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Discussion Starter #1
Look what my dumbass did to my WB chin spoiler. Any suggestions on a method to repair it or should I look into sourcing a new one?
20190911_185323.jpg
20190911_185323.jpg
 

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Agree, replace it with OEM part, or live with it until you really badly bang it up.
Since your chin spoiler isn't cracked, before you buy a new one, you may want to try improving its appearance by sanding.The procedure is similar to sanding a wood finish. Before sanding, clean off dirt and grime with a mild detergent solution. Use a 50/50 solution of vinegar (a weak acid) and water to smooth out the deep scratches and scuffs.

To avoid scratching, use silicon carbide or wet/dry sandpaper. It's usually black or gray. Immerse the paper in water for 10 minutes, then sand in a circular motion. Keep the sanding pattern irregular to avoid producing deep scratches that might remain visible. Using a foam block to support the sandpaper is helpful when sanding curved surfaces.

Run through the sanding grits in order from 220 to 400, 800, and 1,200-grit, finishing with 1,500 or 2,000-grit, depending on how smooth you want the surface. Clean the sanding residue with water after you're done with each grit.

If you desire a sheen, spread automotive clear-coat polishing compound on the surface and buff it with a lambs wool buffer.

Good luck.
 

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Since your chin spoiler isn't cracked, before you buy a new one, you may want to try improving its appearance by sanding.The procedure is similar to sanding a wood finish. Before sanding, clean off dirt and grime with a mild detergent solution. Use a 50/50 solution of vinegar (a weak acid) and water to smooth out the deep scratches and scuffs.

To avoid scratching, use silicon carbide or wet/dry sandpaper. It's usually black or gray. Immerse the paper in water for 10 minutes, then sand in a circular motion. Keep the sanding pattern irregular to avoid producing deep scratches that might remain visible. Using a foam block to support the sandpaper is helpful when sanding curved surfaces.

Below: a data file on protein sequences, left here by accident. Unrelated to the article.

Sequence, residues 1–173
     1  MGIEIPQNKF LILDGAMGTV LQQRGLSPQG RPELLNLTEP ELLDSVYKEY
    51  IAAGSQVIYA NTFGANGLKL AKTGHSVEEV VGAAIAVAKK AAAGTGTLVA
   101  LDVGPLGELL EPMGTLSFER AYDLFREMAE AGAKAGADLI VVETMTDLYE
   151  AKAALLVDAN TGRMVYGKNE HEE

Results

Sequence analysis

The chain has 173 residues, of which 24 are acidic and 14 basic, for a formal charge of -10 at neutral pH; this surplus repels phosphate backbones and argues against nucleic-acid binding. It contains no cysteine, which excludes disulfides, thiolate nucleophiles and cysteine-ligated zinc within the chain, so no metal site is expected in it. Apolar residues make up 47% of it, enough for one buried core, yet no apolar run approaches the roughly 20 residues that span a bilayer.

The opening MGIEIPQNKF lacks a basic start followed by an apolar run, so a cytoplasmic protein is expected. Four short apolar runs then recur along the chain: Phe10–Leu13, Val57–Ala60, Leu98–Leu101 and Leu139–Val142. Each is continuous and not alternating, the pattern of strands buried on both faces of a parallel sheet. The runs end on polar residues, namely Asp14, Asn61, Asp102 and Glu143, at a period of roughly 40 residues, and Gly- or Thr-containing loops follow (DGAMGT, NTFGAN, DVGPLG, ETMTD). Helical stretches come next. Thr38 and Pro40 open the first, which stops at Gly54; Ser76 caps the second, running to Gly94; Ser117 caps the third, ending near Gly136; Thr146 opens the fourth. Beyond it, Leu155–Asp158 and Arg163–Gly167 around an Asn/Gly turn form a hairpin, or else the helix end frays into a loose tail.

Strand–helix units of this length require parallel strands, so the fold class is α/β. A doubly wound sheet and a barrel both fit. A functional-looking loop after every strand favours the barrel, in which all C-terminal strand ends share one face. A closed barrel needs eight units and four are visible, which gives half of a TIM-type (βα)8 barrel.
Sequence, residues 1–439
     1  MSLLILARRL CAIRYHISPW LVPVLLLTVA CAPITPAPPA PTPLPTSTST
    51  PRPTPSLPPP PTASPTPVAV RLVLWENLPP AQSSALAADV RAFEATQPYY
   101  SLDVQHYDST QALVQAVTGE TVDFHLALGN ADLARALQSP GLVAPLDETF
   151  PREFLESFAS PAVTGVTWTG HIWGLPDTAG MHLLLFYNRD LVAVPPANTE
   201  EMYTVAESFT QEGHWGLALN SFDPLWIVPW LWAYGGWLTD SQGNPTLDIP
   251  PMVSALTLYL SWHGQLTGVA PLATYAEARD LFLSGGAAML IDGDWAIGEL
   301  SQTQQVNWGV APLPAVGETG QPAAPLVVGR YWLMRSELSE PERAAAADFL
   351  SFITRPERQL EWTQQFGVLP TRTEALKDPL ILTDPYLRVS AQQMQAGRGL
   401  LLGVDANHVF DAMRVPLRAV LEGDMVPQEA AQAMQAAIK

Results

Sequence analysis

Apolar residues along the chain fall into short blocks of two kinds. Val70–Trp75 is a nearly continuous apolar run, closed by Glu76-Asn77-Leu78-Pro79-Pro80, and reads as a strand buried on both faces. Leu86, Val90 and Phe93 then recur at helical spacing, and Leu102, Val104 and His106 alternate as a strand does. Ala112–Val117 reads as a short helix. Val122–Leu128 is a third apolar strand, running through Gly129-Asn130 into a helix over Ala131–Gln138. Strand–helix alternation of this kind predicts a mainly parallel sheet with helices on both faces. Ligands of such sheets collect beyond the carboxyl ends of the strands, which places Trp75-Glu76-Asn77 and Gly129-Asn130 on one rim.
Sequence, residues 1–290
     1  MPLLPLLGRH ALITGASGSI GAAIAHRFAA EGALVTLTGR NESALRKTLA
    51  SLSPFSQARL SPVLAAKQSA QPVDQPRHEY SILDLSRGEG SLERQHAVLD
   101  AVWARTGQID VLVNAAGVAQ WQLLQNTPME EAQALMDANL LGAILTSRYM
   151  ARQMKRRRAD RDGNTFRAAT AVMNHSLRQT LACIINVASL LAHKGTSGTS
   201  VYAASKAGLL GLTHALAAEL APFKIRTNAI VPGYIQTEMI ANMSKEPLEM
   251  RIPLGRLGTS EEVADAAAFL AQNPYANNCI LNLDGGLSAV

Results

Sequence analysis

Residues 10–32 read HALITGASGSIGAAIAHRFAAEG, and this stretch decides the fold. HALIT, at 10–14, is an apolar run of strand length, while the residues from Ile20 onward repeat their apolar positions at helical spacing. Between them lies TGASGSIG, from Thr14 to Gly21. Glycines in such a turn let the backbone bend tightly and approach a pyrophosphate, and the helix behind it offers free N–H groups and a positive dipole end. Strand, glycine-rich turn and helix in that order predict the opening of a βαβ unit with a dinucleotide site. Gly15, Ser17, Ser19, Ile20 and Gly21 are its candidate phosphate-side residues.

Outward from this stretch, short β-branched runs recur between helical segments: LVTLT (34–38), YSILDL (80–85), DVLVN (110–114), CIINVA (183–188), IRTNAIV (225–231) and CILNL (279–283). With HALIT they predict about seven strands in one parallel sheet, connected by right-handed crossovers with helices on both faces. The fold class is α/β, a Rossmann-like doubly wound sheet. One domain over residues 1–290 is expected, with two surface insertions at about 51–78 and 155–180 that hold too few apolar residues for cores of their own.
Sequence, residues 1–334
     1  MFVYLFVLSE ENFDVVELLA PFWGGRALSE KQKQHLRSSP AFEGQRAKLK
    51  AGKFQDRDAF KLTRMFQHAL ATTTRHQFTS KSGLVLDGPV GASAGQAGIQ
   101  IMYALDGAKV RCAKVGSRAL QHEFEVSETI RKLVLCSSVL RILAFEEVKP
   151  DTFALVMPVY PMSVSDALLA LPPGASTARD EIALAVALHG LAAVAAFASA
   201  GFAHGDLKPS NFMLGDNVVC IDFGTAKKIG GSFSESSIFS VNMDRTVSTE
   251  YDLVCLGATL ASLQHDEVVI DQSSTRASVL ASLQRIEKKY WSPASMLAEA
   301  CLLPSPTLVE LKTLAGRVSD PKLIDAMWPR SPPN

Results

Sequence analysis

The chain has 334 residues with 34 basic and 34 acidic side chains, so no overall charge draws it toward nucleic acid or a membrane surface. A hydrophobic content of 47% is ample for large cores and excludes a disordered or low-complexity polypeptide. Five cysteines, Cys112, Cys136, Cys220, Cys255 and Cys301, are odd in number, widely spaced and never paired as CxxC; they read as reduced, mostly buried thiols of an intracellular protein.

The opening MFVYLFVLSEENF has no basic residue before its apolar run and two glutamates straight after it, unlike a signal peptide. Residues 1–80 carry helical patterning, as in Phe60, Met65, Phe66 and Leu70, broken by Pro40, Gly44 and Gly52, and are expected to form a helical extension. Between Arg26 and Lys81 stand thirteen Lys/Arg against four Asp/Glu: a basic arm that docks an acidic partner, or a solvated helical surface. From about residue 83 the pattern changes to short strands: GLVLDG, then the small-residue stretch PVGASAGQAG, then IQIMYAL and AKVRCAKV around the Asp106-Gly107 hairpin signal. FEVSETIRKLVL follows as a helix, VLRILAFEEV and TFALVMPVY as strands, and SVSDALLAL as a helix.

Run through the sanding grits in order from 220 to 400, 800, and 1,200-grit, finishing with 1,500 or 2,000-grit, depending on how smooth you want the surface. Clean the sanding residue with water after you're done with each grit.

If you desire a sheen, spread automotive clear-coat polishing compound on the surface and buff it with a lambs wool buffer.

Good luck.
This.

Or honestly, no one is going to notice, and it won't be the last time to blemish it.
 

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Dont make me upload pictures of my splitter

For a little damage like that, i dont thing its worth the time, hassle, and moolah to replace the whole dang splitter. Shes big, and low. Guarantee youll pick up a few more nicks here and there. Try the method posted above
 

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I would use a dremel sandpaper disc to smooth out the damage, apply some JB Weld 50139 black plastic bonder using a popsicle stick to shape and then sand it smooth. After it dries spray some dupli-color black trim paint into a paper towel and apply to the repaired area. A few years ago a local body shop used this method on a scratched truck mirror and it turned out great.
 

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they are by design, according to dodge, sorta disposable. cost isnt a lot, but replacement is a pita. If you are like me, that would always bother me, even "if" you were able to get the repair done so it wast as noticable. Id opt to simply replace it.
 
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